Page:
And yes, there's a {:tag double} on a after the .setMeta call. In
fact, that degree of hackery is needed. Neither ^double nor ^{:tag
Double/TYPE} on the a in the binding form will attach the metadata to
the Var, unlike with def, where the latter works (and the former seems
to, at first, but fails when the fn is called with a *very strange*
error message about a class named clojure.core$double@1eb1db2 not
being resolved).

Attaching ^double or ^{:tag Double/TYPE} to the (fn ...) form itself
also does not work, there or with a normal let-bound local.

Either PrimitiveTester doesn't work the way it seems like it should,
or else something's strange/wonky with how Clojure compiles function
calls that don't use a namespaced global Var.

Actually, on further testing, I'm not sure that (def ^{Double/TYPE}
...) is really working either, rather than boxing and then unboxing on
each call:

user=> (def ^{:tag Double/TYPE} b (fn [^double x] (+ x 0.5)))
#'user/b
user=> (defn c ^double [^double x] (+ x 0.5))
#'user/c
user=> (pt (b 0.1))
:double
user=> (pt (c 0.1))
:double

So far, so good? But:

user=> (ancestors (.getClass b))
#{java.util.concurrent.Callable clojure.lang.AFn clojure.lang.IObj
clojure.lang.IFn clojure.lang.IFn$DO clojure.lang.IMeta
java.lang.Object java.io.Serializable java.lang.Runnable
java.util.Comparator clojure.lang.AFunction clojure.lang.Fn}

IFn$DO?

user=> (ancestors (.getClass c))
#{java.util.concurrent.Callable clojure.lang.AFn clojure.lang.IObj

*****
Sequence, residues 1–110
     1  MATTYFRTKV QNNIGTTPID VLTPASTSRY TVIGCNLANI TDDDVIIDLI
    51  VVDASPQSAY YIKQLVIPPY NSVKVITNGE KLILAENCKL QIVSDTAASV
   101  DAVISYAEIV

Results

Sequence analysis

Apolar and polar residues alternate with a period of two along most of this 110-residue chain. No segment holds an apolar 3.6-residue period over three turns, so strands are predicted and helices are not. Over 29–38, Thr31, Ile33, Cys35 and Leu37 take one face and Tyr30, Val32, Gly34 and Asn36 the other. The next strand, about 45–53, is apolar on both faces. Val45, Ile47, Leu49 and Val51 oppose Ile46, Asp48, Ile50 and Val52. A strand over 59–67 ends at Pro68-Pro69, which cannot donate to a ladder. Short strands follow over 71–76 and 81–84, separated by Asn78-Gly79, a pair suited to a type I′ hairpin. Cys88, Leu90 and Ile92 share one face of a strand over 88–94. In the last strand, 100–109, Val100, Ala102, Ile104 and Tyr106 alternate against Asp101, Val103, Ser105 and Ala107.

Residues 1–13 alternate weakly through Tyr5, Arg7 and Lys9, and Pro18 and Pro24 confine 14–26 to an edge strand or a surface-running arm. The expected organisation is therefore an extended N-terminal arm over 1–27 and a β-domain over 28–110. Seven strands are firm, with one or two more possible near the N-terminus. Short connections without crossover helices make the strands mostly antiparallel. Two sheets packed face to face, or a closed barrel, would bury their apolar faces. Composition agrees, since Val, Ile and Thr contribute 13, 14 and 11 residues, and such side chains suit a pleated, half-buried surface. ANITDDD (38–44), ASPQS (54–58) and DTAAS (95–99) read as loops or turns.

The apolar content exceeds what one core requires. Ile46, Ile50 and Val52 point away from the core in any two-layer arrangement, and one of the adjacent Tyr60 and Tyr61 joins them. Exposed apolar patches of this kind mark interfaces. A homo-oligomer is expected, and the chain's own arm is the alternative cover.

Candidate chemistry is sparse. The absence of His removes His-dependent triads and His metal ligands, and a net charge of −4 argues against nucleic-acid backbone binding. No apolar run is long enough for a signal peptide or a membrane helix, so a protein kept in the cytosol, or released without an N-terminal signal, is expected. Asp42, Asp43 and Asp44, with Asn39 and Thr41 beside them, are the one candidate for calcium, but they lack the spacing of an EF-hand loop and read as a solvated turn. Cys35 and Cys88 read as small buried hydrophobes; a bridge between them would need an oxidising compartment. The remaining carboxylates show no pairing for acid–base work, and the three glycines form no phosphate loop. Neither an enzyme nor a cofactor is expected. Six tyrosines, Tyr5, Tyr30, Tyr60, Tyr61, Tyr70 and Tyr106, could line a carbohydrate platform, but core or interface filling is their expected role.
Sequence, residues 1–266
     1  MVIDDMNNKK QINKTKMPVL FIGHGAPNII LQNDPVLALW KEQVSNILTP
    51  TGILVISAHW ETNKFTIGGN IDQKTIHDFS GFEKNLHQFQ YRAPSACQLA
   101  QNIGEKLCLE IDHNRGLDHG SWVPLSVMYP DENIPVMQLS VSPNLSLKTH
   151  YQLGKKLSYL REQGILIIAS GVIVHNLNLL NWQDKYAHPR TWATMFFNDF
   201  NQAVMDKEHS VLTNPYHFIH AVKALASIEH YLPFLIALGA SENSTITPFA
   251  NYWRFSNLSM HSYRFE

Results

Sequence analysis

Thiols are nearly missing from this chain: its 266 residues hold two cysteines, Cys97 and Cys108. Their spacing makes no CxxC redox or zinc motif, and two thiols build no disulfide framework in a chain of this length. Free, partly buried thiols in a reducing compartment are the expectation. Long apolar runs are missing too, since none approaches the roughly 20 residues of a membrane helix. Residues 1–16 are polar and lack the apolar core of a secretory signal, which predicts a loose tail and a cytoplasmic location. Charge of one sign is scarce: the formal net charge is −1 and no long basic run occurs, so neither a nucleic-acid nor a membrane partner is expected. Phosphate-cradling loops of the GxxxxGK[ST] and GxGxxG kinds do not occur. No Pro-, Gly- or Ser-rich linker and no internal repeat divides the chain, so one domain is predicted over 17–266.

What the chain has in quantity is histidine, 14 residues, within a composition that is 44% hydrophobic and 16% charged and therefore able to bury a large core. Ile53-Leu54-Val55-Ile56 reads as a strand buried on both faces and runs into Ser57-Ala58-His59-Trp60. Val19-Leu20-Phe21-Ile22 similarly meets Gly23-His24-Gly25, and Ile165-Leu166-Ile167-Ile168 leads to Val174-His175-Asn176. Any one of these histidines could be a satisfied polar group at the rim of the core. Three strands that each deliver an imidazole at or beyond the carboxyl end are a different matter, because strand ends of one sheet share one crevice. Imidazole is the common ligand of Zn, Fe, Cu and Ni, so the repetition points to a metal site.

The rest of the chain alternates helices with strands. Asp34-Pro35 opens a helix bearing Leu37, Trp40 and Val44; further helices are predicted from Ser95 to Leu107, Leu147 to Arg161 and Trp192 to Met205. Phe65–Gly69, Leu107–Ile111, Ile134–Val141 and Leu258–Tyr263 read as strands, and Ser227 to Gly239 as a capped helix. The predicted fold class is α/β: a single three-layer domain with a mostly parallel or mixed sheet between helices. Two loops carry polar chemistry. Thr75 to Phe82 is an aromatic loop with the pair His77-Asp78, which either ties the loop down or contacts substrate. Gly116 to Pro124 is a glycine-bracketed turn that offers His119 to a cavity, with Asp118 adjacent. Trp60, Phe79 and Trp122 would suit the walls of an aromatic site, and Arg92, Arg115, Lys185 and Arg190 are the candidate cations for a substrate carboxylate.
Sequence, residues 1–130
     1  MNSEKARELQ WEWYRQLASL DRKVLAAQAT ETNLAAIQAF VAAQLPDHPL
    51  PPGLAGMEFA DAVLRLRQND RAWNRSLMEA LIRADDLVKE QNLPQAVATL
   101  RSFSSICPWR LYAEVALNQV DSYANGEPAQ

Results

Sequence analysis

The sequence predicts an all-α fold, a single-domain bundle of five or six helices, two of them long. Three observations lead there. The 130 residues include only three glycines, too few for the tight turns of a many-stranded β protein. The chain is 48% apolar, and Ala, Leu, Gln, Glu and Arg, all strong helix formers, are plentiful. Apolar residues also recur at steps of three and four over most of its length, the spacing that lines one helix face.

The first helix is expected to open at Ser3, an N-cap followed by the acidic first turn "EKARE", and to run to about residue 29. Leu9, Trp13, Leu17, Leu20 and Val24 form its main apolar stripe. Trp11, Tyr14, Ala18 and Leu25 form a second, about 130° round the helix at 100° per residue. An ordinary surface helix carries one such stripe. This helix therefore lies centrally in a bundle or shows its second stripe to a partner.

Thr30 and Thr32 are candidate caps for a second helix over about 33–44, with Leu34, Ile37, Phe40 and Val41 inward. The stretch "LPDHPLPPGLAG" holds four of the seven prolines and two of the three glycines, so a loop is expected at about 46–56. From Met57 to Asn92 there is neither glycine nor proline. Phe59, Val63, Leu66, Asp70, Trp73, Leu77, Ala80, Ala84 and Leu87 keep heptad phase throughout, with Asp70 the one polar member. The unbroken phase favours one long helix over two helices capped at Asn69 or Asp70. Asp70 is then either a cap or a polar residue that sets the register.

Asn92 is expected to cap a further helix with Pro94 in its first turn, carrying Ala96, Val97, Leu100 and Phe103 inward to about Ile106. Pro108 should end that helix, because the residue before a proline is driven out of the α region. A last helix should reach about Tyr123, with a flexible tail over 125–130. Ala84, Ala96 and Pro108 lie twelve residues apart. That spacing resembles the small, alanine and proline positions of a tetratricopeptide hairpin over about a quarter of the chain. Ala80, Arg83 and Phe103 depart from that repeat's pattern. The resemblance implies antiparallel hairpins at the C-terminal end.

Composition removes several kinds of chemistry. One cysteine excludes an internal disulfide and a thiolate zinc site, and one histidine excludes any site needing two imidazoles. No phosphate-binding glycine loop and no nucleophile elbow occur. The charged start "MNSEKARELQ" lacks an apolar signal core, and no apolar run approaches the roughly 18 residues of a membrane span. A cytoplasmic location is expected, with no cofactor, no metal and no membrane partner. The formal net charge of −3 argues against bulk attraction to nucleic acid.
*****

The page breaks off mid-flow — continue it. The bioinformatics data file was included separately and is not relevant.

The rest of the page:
clojure.lang.IFn$DD clojure.lang.IFn clojure.lang.IMeta
java.lang.Object java.io.Serializable java.lang.Runnable
java.util.Comparator clojure.lang.AFunction clojure.lang.Fn}

IFn$DD?

user=> (def d (fn ^double [^double x] (+ x 0.5)))
#'user/d
user=> (ancestors (.getClass d))
#{java.util.concurrent.Callable clojure.lang.AFn clojure.lang.IObj
clojure.lang.IFn$DD clojure.lang.IFn clojure.lang.IMeta
java.lang.Object java.io.Serializable java.lang.Runnable
java.util.Comparator clojure.lang.AFunction clojure.lang.Fn}

IFn$DD again here.

This suggests:

user=> (let [a ^clojure.lang.IFn$DD (fn ^double [^double x] (+ x
0.5))] (pt (a 0.1)))
:object

Nope, that doesn't work either!

This really *should* be simple. Therefore, there's a bug somewhere.
But I'm not sure where. Compiler.java, most likely.

Tassilo Horn

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Jan 26, 2012, 2:28:24 AM1/26/12
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Cedric Greevey <cgre...@gmail.com> writes:

Hi Cedric,

> Actually, on further testing, I'm not sure that (def ^{Double/TYPE}
> ...) is really working either, rather than boxing and then unboxing on
> each call:
>
> user=> (def ^{:tag Double/TYPE} b (fn [^double x] (+ x 0.5)))
> #'user/b
> user=> (defn c ^double [^double x] (+ x 0.5))
> #'user/c
> user=> (pt (b 0.1))
> :double
> user=> (pt (c 0.1))
> :double
>
> So far, so good? But:
>
> user=> (ancestors (.getClass b))
> #{java.util.concurrent.Callable clojure.lang.AFn clojure.lang.IObj
> clojure.lang.IFn clojure.lang.IFn$DO clojure.lang.IMeta
> java.lang.Object java.io.Serializable java.lang.Runnable
> java.util.Comparator clojure.lang.AFunction clojure.lang.Fn}
>
> IFn$DO?

A Function that gets a double and returns an object, I think. That
would support your claim that b doesn't return a primitive double,
although the Var is tagged.

> user=> (ancestors (.getClass c))
> #{java.util.concurrent.Callable clojure.lang.AFn clojure.lang.IObj
> clojure.lang.IFn$DD clojure.lang.IFn clojure.lang.IMeta
> java.lang.Object java.io.Serializable java.lang.Runnable
> java.util.Comparator clojure.lang.AFunction clojure.lang.Fn}
>
> IFn$DD?

Gets and returns a primitive double.

> user=> (def d (fn ^double [^double x] (+ x 0.5)))
> #'user/d
> user=> (ancestors (.getClass d))
> #{java.util.concurrent.Callable clojure.lang.AFn clojure.lang.IObj
> clojure.lang.IFn$DD clojure.lang.IFn clojure.lang.IMeta